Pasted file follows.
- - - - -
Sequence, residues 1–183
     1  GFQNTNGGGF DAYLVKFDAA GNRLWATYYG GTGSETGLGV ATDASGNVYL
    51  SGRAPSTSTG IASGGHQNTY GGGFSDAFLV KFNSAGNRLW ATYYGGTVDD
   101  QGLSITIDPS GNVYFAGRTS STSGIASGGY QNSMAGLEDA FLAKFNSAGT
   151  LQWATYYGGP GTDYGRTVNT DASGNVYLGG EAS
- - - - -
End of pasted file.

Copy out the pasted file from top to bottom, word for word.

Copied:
Sequence, residues 1–183
     1  GFQNTNGGGF DAYLVKFDAA GNRLWATYYG GTGSETGLGV ATDASGNVYL
    51  SGRAPSTSTG IASGGHQNTY GGGFSDAFLV KFNSAGNRLW ATYYGGTVDD
   101  QGLSITIDPS GNVYFAGRTS STSGIASGGY QNSMAGLEDA FLAKFNSAGT
   151  LQWATYYGGP GTDYGRTVNT DASGNVYLGG EAS